By Rod Gilmour | Opinion
Richard Leman, the 1988 Olympic-winner, played in plenty of hockey cauldrons across the globe in his career and was a keen observer at The Stoop as the self-billed ‘Big Stadia Hockey’ took hold.
Back in the day, Leman saw the game transported to the football pitches of Kenilworth Road, Deepdale and Loftus Road. With crowds in the low thousands, Leman says that the blue turf at Twickenham was a “signature occasion” for the sport as fans dwarfed those of 30 years ago at international games at non-hockey stadia.
These truly are heady days for hockey. With the game-changing spectacle at The Stoop and the FIH Pro League finale in Amsterdam showcasing the best in the world over four days, we’ve been well catered for even before August’s EuroHockey Championships take place in Antwerp, a week on the continent which, for those there, is always a wonderful occasion. This is certainly a summer of excess.
But flick your diaries further forward to mid-September when the domestic season kicks off and we will revert back to sparse crowds and the bald facts that the Premier Division is secondary in support, coverage and a desire to support our elite teams.
What the last two summers have shown, starting with the World Cup in London, is the disparity between the international and domestic audiences, with hundreds of families, young boys and girls, attending England and GB games across the country who would give the domestic season a cursory glance. The understandably scant regard for the domestic fixtures are two-fold: they haven’t been released yet and the unexciting domestic product.
But before the domestic doom-mongers nod their head in agreement, these are not problems afflicted only to hockey. May saw the launch of the first Women’s County Cricket Day, which aims to discover the ‘hidden gem’ of watching women’s county cricket and has snatched inspiration from football’s Non-League day, where clubs open their doors to encourage more fans to support their local club.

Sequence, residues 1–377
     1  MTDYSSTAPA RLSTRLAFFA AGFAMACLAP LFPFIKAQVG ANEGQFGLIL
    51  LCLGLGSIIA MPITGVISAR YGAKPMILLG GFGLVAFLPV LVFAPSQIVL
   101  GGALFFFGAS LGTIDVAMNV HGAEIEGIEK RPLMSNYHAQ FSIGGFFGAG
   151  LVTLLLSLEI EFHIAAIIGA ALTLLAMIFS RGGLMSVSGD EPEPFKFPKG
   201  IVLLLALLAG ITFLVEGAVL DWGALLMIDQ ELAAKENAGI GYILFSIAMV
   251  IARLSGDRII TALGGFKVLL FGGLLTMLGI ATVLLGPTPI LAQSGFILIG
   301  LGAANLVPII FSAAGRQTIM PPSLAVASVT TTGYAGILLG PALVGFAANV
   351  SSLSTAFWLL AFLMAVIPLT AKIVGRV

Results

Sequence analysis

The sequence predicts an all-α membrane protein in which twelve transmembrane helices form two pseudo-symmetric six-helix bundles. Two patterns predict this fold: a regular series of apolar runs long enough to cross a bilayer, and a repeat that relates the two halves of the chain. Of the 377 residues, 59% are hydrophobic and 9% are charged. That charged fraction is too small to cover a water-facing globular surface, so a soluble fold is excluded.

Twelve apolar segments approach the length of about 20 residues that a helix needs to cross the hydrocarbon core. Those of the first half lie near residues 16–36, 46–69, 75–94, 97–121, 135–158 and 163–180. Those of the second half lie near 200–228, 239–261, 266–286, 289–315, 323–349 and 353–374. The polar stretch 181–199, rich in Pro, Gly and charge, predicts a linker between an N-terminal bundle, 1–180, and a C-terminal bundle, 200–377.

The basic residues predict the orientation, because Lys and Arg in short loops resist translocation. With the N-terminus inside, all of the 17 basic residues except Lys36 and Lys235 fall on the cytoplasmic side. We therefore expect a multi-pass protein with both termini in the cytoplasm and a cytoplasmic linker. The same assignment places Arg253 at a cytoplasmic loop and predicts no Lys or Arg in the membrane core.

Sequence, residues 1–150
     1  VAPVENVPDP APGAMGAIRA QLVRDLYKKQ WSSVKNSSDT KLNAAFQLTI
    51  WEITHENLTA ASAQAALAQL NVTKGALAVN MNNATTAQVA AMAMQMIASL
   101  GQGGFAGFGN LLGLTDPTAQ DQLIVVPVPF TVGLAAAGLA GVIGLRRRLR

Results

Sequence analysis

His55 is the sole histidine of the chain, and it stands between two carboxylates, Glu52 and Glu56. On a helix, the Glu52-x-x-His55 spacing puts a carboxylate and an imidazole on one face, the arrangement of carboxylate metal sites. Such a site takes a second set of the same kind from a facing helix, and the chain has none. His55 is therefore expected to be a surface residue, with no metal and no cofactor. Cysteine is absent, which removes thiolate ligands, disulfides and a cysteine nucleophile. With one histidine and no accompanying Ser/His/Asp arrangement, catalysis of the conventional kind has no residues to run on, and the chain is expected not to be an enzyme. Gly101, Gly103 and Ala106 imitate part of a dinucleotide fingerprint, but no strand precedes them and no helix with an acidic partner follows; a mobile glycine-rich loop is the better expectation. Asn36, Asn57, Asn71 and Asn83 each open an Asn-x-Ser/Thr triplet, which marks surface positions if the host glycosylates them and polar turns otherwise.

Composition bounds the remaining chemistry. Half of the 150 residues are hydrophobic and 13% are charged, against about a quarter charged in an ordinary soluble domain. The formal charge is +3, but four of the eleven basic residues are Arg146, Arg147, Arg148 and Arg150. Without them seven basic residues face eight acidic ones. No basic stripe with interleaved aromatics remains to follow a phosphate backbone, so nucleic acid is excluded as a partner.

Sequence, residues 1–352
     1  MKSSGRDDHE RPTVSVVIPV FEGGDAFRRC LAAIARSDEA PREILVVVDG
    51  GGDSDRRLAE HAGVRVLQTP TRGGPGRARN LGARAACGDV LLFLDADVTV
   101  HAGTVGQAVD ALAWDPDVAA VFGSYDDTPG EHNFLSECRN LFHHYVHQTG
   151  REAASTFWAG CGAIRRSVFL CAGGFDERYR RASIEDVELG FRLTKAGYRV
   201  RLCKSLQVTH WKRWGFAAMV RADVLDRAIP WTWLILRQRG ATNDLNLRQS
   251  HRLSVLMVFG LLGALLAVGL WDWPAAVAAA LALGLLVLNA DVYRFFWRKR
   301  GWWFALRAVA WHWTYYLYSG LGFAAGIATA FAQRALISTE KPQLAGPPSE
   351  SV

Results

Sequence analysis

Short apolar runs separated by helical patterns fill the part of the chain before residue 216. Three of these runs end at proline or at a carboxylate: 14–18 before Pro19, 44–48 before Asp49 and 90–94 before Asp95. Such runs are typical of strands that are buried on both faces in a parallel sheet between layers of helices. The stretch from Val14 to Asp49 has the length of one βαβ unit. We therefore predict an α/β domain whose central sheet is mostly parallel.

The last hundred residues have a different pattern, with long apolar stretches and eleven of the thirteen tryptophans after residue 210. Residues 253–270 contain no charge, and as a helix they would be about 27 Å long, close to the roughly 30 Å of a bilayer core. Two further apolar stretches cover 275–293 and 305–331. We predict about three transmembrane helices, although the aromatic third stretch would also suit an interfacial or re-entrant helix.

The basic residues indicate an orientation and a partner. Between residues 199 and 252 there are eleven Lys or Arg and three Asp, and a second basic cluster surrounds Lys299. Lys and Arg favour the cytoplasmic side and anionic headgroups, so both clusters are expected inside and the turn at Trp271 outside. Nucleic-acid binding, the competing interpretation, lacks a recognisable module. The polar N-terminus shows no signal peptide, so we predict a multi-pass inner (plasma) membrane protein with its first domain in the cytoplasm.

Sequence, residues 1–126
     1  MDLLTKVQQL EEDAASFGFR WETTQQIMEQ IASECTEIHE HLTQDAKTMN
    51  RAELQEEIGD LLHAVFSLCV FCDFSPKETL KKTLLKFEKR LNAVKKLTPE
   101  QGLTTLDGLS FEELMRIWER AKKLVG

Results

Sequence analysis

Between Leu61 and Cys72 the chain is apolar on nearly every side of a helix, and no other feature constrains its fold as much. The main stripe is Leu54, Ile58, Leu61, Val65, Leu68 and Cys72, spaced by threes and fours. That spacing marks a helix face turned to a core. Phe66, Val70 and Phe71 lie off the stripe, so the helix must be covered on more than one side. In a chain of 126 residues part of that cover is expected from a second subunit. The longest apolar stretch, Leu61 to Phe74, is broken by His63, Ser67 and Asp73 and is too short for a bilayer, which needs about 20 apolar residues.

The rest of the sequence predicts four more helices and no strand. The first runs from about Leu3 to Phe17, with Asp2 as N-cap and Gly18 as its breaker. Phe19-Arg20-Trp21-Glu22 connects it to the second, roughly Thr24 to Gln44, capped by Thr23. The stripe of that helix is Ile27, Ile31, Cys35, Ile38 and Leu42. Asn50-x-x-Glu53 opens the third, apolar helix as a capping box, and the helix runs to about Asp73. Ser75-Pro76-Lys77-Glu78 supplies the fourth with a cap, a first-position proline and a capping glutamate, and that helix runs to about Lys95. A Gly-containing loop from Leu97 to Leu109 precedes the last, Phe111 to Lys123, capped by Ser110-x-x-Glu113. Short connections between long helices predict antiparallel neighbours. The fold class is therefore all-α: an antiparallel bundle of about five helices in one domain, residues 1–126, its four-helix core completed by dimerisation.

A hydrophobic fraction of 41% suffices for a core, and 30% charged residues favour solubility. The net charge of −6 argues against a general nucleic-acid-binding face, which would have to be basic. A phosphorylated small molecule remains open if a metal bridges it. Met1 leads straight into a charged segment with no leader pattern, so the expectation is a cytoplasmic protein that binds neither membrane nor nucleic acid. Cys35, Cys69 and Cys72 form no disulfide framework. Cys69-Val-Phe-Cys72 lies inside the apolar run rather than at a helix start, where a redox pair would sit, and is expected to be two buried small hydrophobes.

In some respects, these are all factors associated to The Hockey Paper‘s own Watch Your 1s campaign which we launched in our edition last month and is urging clubs to sign up to, in conjunction with England Hockey’s HockeyFest.
Ask some of the top players for their views on the domestic game and there is clearly a passion for the league, despite, in some cases, years of making the choice to play without pay.
“Hockey has great participation but we are missing a trick,” says Olympian and Old Georgians’ James Tindall. “There is a disconnect but it can’t be the sport as people love it and are intrigued. People want to watch it but we need to push it and promote it more. You package the sport and put it up against other sports and it will come out on top most of the time.”
The quest to find a consistent support base will perhaps never be reached in hockey due to the non-tribalism of the sport.
Meanwhile, cricket and football are looking to increase their own fan base. The England and Wales Cricket Board (ECB) is disbanding the women’s Kia Super League, with eight semi-pro teams – which are likely to be region-based rather than counties – introduced from next summer in the T20 ahead of the 100-ball overhaul.
The success of the England Lionesses at the women’s World Cup will also likely see clubs look to bring their club sides further into the spotlight, and the Football Association already looking for a participation increase (90 per cent of all schools to offer football to girls by 2024), which could blight numbers in hockey and netball.
As England Hockey chief executive Sally Munday accepts, “there is a challenge with the top end of the domestic game and how it sits alongside the international game.”
The news, reported in our last print issue, that Harlequins RFC sees its partnership with England Hockey as “long term” is an enticing one for both sports. While Leman praises England Hockey and the enormity of bringing the recent double headers to life, thanks to government quango Sport England and other backers, he did raise questions over the future business case of the initiative.
Talk soon turned to how the likes of Wasps RFC have connected with other sports to forge its own club franchise in the Netball Superleague, concepts which have seen Saracens and Leeds Rhinos, the rugby league side, also conceive clubs. “What is the future now [for hockey]?” says Leman in the Stoop aftermath.
The Olympian believes there should be a serious debate on whether hockey clubs could indeed be branded alongside rugby clubs and a consideration towards a franchise-based system. Of course, this wouldn’t be a first for the sport with the Great Britain Super League running for six years up until 2012.
The Stoop may have been a double header the like never seen before in the UK. But it has also ushered in questions on the sport’s future away from the international game. One that hockey should not shy away from.